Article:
Of course, we know you can only empty a greenhouse so much if you have tender plants that need to stay warm. But as much as you can, take out the tools, buckets, and bags of soil. It will be much easier on you if you don't have to fuss with items in your way as you clean the walls and floors. This also allows you to go through what you have and declutter if necessary.
Step two: Rough dusting
Over the season, spiders and bugs and maybe even some mice have tried to make homes in your greenhouse. This has probably led to a few cobwebs and dust piles around the corners. You'll want to remove these large areas of debris before you start the deep cleaning. Use a broom to knock down the cobwebs and sweep up the floor; you've probably spilled some soil during the summer!
Step three: Clean the walls
The panels of your greenhouse will now need to be deep cleaned. You can use a bucket of warm water and a sponge to wipe them down, but we also recommend bringing a long-handled brush to make life easier. This way, you can dip the brush into the bucket of soapy water and scrub down the walls with the long-handled brush. You'll be able to reach every inch of the walls without killing your back.

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When and how to transplant tomato plants for the best results
baby tomato plants

There's a time in every gardener's life when they try to grow their own veggie plants from seed. This is a gratifying process, and there are many benefits to growing your own seed starts. One of those benefits is bigger and healthier plants. By growing your own baby tomato plants, you can ensure that the plants are well cared for, never given anything you don't want them to have, and transplanted in just the right way at just the right time for optimal plant health. So how do you transplant tomato plants to ensure they're happy and healthy and live to produce lots of yummy tomatoes for your home?

How do you transplant a grown tomato plant?
If you've never transplanted tomatoes before, the idea can be intimidating. You have all these tiny plants that you've cared for over the last several weeks, and now it's time to pluck them out of their nursery pots and plop them into the outside soil where they're exposed to sun, weather, and critters. Luckily, you've cared for them so well that they're healthy and robust plants that will be able to handle anything nature throws at them.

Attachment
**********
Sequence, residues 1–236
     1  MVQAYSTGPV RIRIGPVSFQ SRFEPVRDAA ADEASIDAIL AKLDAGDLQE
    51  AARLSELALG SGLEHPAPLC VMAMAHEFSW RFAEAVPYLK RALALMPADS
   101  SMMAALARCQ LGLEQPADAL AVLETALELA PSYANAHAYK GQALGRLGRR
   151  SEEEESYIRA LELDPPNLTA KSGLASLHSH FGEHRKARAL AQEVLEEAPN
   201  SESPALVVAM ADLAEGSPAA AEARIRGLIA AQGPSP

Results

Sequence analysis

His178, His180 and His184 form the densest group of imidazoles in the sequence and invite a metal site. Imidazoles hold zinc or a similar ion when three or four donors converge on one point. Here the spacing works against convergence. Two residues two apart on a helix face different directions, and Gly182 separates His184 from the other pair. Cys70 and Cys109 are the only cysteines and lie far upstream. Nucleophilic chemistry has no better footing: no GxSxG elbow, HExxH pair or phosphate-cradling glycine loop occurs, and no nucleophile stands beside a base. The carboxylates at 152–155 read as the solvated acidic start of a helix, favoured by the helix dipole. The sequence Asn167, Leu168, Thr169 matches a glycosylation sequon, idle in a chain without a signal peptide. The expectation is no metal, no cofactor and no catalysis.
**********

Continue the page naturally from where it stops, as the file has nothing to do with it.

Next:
Step one: Harden the plants
Hardening the plants is a term gardeners use when talking about the process of acclimating a greenhouse-grown plant to outside conditions. Typically it refers to sunlight, but it could also refer to wind and other weather that could harm the plant. About a week before you're ready to transplant, you'll want to harden your baby tomato plants by exposing them to sunlight at increasing increments each day. For example, day one should be about 30 minutes, then 45, then 50, and so on until the day of transplanting. If you don't do this, you'll risk your plant being burnt and killed when you transplant it outside.
Step two: Don't water the plants
Before you start pulling little plants out of their pots, you mustn't water the plants a few days before transplanting. Wet soil can make the transplanting process much harder on you and the plant. Dry soil falls away easier and is less likely to break off roots as you move the plants to their new home.
Step three: Prepare the new soil
The new location for your tomato plants will need to be prepped before you get all those babies out of their homes. Whether you are planting into the ground, a raised bed, or a pot, you'll want to amend the soil to guarantee that the plant has many nutrients to soak up. It also is easier if you dampen the soil right before transplanting. Damp soil is much more manageable and more easily manipulated around the plant.
Step four: Plant deeply
As you gently pull out the baby tomato plants, you'll want to shake off the old soil to expose the roots. This will ensure the plant has access to the new soil and nutrients you're about to provide it with. 

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Renovating your backyard? How to decide what size deck is right for you
right size deck for you man building

The backyard deck is one of life’s simple pleasures — but building one is anything but. There are a dizzying array of options, which all vary based on how you want to use your deck, your property, your budget, and other factors. Perhaps the first question to face is one of size, and with decks, bigger is not always better. These decisions will be driven by the size of your property and the purposes you want the deck to serve. We’re here to help you find the right deck size for you and your unique specifications.

Key questions to consider
Before you start to think about the size of your deck, there are several other parts of the project to consider. These can substantially affect your options, including the size of the deck. These questions include: